Day #15: What theories run your life?

Theories are general ideas about how the world works.  The theories we have about ourselves of why and how things happen shape our interaction with the world. However, theories are not absolute truths.For example :

‘if I am nice to people, they will be nice to me’

‘I suck at dancing’

‘I am really good at maths’

These are all theories you have built over time based on evidence over the years. Even when there are occurrences that challenge your theory, you tend to dismiss them because you know they don’t fit in your theory.(Nobody really likes cognitive dissonance).

Let’s say you tried to dance and someone says you are really terrible at it, you may or may not accept this as a fact.If it happens repeatedly, and you get the same comments, you automatically start accepting this. This becomes your  theory, ‘I really suck at dancing because of ………’ , you say to yourself. If the comment was different and the person said you’re really good at dancing, you also believe this.

Now, this is not just about negative or positive affirmations, it’s about how we construct our reality based on events and their occurrences. This can be likened to what psychologists refer to as ‘Operant Conditioning’.  Your ability to dance or lack thereof might be based on certain environmental factors such as ambience, type of music, stakes – will people make fun of you or not if you mess up , or in some case for some people, the level of alcohol in your system. Some people who think they suck at dancing have been known to be very good dancers under the influence of alcohol.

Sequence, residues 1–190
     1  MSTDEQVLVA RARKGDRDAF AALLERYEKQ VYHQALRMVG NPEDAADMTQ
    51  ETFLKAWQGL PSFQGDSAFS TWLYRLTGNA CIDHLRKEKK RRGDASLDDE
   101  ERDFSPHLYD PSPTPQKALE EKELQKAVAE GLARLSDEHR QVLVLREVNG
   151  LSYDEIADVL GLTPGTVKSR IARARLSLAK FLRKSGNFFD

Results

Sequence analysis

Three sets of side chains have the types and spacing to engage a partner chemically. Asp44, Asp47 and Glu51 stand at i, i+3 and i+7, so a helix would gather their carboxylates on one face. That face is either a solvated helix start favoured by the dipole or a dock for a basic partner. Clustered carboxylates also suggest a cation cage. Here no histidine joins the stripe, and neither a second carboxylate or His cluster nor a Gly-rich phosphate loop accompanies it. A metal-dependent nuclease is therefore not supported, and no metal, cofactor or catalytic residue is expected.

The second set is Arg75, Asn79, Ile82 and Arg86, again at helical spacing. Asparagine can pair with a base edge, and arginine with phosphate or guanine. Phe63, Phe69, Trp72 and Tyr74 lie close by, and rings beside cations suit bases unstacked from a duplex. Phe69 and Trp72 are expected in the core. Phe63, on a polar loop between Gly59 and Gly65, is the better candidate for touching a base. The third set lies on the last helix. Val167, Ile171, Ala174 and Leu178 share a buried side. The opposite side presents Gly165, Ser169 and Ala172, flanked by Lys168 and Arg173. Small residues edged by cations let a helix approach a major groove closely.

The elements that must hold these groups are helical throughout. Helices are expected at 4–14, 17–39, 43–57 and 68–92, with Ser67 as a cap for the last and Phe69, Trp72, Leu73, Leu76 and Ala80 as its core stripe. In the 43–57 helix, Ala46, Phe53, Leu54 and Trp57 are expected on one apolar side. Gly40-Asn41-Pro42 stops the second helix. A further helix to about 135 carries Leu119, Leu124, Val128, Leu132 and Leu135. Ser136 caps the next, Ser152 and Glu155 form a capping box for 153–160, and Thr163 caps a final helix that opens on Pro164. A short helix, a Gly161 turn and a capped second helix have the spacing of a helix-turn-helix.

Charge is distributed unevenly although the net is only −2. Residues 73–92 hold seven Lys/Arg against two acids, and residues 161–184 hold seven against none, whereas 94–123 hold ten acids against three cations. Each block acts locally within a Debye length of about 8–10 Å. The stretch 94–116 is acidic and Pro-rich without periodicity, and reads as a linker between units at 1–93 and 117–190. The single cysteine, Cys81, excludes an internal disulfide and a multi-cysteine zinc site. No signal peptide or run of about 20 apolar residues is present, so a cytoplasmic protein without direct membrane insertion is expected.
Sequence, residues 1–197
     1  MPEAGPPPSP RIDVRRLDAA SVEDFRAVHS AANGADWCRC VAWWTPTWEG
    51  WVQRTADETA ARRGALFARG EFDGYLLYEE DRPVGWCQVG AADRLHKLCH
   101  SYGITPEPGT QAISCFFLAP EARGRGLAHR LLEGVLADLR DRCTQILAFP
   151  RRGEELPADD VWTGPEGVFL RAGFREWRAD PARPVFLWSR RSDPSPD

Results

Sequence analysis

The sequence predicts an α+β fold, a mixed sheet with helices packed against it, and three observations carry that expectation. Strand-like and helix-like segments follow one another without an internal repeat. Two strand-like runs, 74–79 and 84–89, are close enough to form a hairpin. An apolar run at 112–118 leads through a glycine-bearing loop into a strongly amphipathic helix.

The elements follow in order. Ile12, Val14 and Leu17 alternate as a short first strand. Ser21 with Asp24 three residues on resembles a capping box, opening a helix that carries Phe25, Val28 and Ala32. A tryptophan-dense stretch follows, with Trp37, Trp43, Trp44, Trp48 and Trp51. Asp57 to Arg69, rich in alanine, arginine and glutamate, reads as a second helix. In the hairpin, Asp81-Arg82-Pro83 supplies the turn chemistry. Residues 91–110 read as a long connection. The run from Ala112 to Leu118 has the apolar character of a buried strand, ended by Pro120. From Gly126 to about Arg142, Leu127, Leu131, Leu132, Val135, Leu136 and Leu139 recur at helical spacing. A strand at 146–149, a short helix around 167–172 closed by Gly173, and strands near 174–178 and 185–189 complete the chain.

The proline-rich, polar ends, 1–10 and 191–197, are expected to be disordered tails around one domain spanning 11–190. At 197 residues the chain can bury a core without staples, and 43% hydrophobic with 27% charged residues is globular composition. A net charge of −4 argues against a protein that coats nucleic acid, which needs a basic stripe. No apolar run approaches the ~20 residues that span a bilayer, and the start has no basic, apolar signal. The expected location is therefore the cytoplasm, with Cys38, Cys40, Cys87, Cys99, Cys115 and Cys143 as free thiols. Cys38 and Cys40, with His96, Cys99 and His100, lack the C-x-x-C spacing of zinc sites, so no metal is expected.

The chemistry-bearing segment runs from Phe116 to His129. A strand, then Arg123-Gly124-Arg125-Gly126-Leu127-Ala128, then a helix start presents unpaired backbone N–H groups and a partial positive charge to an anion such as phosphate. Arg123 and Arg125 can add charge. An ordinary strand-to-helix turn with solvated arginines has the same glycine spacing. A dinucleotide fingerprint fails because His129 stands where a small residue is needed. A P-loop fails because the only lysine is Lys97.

This becomes dangerous when you create theories that are detrimental to your dreams. When you consistently affirm such theories like ‘ I am don’t know what I want with my life’ or ‘I am not sure I have what it takes because…..’, you begin to sabotage yourself and you create a reality that does not help you create the type of life you want.

So how do you form or break positive or negative theories you have about yourself?

1.Find the negative theories. It helps to be true to yourself. Next time you catch yourself thinking, ‘I suck at dancing’ take note of it and challenge it.

2.Create a new theory: What if you replaced the theory, ‘I Suck at dancing’ with ‘I can be an excellent dancer’. It doesn’t hurt anyone. What you need to do is to look for evidence to support this claim.

3.Prove new theory by collecting fresh evidence: Yes put yourself in situations where you gather fresh data about your new theory.

4.Practise everyday and enjoy the life of creating the theories that support the type of person you want to become.

 

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